The city of memorials: take two

(Half of this post was written in 2016, I ran out of steam clearly…but I figured I’d not let the work go to waste and finish of this post now! :))

This is Berlin, Take Two. I’ve included photos and videos below of four Holocaust memorials. Over the last two months I have recognised a real distinction between government sponsored and developed memorials and community driven memorials. Take One included a few examples of community or individual driven memorials (such as the Stumbling Stones). This post isn’t going to pit one type over the other, but I found that these four, all ‘national’ or government sponsored memorials, compliment each other.

Memorial to the Murdered Jews of Europe

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This memorial is made up of 2,711 concrete stelae designed by Peter Eisenmann and Buro Happold. The stelae, pictured above, cover a sloped space of approximately 19,000 square metres.

The thing I like most about this memorial is that you have to go into it to really experience it. As memorials move away from simpler forms, such as plaques etc, they become more like pieces of art. So, in a way, what you take away from them is in the eye of the beholder. For me, the experience of being in the maze of stelae was one of disorientation. Sometimes you’re walking up, then down, sometimes you can see around you, other times the stelae tower over you. It was cooler than outside and damp. When you did see other people walk past it was only fleeting or you might turn a corner and crash right into someone!

While we can never truly understand what people experienced during Holocaust, the memorial certainly made me think about what it would have felt like to live during times when a ruling party wanted you dead just because of your religion, ethnicity or religion. Sobering considering things happening in the world at the moment.

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A recurring issue around permanent memorials in each country I have visited is behaviour at memorials. What is appropriate behaviour at memorial sites? This is something I’ve been thinking a lot about over the past few weeks, so the whole Pokemon thing has been fascinating to this memorial nerd! In the photo above you can see a tourist standing on one of the stelae, I saw a lot of this and a lot of selfie taking.
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Memorials require maintenance. This photo shows a large crack in one of the concrete stelae. There were also a number that were cordoned off for repair. Often the process of memorial is largely about getting them ‘done’ and less about what may happen into the future and how that may make people feel.

Memorial to Homosexuals Persecuted Under Nazism

See the comments in Take One, for some nerding out over this memorial between Kate Brady and myself.

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I had to go on bit of an adventure to find this guy because of the Euros football tournament setup but it was worth it. It’s not actually that hard to find (a surprising number of memorials are actually really hard to find) but some strategically placed fences made it more difficult than usual
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It’s not that exciting from the outside, but doesn’t that little black square entice you? Don’t you just want to get closer and stick your head in there and have a look? You’ll be rewarded. A video plays on loop inside the structure. Of what? I could tell you, but go see for yourself!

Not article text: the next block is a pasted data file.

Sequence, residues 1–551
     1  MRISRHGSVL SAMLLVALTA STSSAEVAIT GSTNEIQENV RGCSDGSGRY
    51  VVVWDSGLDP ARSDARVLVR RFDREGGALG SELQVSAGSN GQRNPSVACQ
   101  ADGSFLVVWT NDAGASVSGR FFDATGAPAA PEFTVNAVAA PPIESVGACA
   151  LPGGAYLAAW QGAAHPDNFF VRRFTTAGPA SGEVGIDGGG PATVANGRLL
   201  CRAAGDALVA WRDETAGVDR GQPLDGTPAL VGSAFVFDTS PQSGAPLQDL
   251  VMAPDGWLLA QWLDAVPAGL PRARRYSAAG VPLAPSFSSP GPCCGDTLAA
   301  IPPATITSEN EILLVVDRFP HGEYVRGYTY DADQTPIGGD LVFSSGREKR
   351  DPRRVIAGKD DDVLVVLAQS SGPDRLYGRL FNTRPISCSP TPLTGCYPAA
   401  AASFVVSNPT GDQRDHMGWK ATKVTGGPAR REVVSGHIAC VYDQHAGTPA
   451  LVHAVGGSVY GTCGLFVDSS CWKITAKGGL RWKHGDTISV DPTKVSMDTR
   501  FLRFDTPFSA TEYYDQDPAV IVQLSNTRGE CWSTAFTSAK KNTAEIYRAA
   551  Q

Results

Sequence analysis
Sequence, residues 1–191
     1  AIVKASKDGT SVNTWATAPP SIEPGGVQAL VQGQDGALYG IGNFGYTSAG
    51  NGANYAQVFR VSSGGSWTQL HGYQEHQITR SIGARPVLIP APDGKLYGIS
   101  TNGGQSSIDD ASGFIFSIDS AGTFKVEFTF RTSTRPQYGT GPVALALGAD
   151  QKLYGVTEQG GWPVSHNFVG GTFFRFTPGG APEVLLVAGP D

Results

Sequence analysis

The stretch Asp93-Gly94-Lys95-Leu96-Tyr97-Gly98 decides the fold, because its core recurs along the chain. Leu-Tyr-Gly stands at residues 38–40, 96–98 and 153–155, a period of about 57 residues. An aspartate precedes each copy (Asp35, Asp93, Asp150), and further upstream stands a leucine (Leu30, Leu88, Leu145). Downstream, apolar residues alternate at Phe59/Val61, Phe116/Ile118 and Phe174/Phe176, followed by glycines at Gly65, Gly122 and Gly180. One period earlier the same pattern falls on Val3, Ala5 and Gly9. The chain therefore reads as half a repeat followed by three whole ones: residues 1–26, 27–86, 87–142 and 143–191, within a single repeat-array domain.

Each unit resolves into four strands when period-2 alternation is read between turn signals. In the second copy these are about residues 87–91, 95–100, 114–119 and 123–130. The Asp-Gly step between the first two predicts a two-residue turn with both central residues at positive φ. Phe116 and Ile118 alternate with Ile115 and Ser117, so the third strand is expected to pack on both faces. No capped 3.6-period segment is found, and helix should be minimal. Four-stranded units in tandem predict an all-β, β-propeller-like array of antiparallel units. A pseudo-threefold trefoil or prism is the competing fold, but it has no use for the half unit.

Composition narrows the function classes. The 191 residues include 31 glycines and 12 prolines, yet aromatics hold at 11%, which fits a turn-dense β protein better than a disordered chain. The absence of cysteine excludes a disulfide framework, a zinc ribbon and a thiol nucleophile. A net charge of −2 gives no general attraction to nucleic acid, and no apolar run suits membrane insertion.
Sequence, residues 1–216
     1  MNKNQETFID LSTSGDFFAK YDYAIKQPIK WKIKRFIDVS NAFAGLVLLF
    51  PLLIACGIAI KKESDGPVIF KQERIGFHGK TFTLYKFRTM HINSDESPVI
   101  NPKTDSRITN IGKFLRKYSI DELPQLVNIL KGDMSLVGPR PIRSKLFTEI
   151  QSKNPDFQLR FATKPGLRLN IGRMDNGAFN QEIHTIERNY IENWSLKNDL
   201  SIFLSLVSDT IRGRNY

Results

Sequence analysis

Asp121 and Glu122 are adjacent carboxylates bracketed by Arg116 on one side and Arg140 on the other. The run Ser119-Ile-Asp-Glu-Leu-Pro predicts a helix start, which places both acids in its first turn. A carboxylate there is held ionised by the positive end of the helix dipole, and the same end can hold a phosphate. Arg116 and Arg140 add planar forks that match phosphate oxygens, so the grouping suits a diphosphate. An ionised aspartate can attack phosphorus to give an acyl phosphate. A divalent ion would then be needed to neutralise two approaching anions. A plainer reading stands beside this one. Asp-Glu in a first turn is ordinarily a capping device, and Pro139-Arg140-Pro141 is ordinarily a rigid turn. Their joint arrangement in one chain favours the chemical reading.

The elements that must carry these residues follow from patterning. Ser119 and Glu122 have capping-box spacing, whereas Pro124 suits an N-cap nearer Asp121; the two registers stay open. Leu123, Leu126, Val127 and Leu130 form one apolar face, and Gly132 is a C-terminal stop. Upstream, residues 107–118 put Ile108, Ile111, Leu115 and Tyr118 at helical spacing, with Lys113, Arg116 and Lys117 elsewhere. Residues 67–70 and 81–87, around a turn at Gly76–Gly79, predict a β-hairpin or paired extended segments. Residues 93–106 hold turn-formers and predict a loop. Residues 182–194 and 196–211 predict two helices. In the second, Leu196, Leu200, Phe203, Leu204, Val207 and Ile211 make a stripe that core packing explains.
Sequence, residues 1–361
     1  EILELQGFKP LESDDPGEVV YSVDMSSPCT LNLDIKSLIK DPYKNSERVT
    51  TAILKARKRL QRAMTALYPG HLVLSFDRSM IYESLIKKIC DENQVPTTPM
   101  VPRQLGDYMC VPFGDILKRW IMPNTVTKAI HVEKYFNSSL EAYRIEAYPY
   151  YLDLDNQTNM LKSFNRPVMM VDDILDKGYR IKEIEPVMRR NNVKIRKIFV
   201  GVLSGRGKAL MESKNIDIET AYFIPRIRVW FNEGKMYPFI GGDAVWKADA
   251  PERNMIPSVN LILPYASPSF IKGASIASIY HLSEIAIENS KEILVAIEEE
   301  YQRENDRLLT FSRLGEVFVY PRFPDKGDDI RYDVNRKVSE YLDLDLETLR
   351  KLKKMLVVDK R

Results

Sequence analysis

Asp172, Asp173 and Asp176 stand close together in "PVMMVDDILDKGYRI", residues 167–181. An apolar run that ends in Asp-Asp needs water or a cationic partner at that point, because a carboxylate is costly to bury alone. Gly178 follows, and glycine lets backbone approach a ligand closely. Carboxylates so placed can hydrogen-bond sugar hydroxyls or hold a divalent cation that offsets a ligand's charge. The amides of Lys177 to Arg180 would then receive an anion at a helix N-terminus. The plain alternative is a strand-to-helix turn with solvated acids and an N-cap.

Memorial to the Sinti and Roma Victims of National Socialism

I found the names of each of the Holocaust memorials in Berlin really interesting. The names alone make a statement. Almost all memorials are political in nature but not all make purposeful political statements in the naming of the memorial. In Berlin, this is reflective of the broader attitude of frankly and openly discussing and linking the political ideologies of the national socialist movement and Nazism to causing and perpetrating of the Holocaust. From psychosocial and memorial perspectives, this link, while confronting for memorial visitors, is crucial in community healing.

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Despite being on the edge of the Tiergarten next to a busy road this memorial is so peaceful and quiet.

Neue Wache: The Central Memorial of the Federal Republic of Germany to the Victims of Tyranny and War

Neue Wache, the building that houses this memorial was originally built as a guardhouse for the crown prince of Prussia (what is now Germany). Since 1931, the Neue Wache has housed several different memorials, reflecting the political turmoil in Berlin during this time. After 1931 it was the Memorial to Those Who Fell in the World War. This memorial and the building suffered heavy damage during WWII. The Communists then rebuilt Neue Wache and from 1960 it served as the Memorial to the Victims of Fascism and Militarism. In 1969, the remains of an Unknown Soldier and Unknown Nazi concentration camp victim were buried at Neue Wache. The current memorial was rededicated, to include the permanent installation shown in the video, in 1993.

In essence, Neue Wache, in its current incarnation, is a memorial to hundred of thousands, but likely millions, of unnamed victims of war.

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One objective of my Fellowship was to collate lots of ‘content’ – photographs, video, audio, quotes etc – to use in the later development of resources in relation to memorial development in Australia. So I visited lots of memorials to document them in different ways. I didn’t really expect to see so many tourists also taking the same photos as me! Memorials do become tourist attractions in some cases. This will have to be a consideration for some communities after certain types of disaster events.

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